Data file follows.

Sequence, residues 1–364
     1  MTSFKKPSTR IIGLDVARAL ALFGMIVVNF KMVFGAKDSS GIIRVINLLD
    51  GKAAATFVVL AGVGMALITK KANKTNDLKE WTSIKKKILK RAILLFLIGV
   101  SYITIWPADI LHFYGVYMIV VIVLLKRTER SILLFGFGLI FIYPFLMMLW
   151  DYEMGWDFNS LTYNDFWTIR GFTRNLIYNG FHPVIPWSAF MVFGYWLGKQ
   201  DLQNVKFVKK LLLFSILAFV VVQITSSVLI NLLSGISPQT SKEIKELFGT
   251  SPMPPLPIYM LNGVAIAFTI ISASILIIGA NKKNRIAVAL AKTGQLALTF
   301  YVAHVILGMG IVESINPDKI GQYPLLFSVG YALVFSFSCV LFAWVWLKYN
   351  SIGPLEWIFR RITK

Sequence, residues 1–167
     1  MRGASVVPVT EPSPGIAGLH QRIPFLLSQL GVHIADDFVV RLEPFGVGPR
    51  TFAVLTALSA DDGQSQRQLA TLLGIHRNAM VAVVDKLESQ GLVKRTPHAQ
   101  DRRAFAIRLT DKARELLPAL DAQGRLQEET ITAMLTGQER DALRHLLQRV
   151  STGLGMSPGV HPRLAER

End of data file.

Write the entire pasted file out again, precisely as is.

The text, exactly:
Sequence, residues 1–364
     1  MTSFKKPSTR IIGLDVARAL ALFGMIVVNF KMVFGAKDSS GIIRVINLLD
    51  GKAAATFVVL AGVGMALITK KANKTNDLKE WTSIKKKILK RAILLFLIGV
   101  SYITIWPADI LHFYGVYMIV VIVLLKRTER SILLFGFGLI FIYPFLMMLW
   151  DYEMGWDFNS LTYNDFWTIR GFTRNLIYNG FHPVIPWSAF MVFGYWLGKQ
   201  DLQNVKFVKK LLLFSILAFV VVQITSSVLI NLLSGISPQT SKEIKELFGT
   251  SPMPPLPIYM LNGVAIAFTI ISASILIIGA NKKNRIAVAL AKTGQLALTF
   301  YVAHVILGMG IVESINPDKI GQYPLLFSVG YALVFSFSCV LFAWVWLKYN
   351  SIGPLEWIFR RITK

Sequence, residues 1–167
     1  MRGASVVPVT EPSPGIAGLH QRIPFLLSQL GVHIADDFVV RLEPFGVGPR
    51  TFAVLTALSA DDGQSQRQLA TLLGIHRNAM VAVVDKLESQ GLVKRTPHAQ
   101  DRRAFAIRLT DKARELLPAL DAQGRLQEET ITAMLTGQER DALRHLLQRV
   151  STGLGMSPGV HPRLAER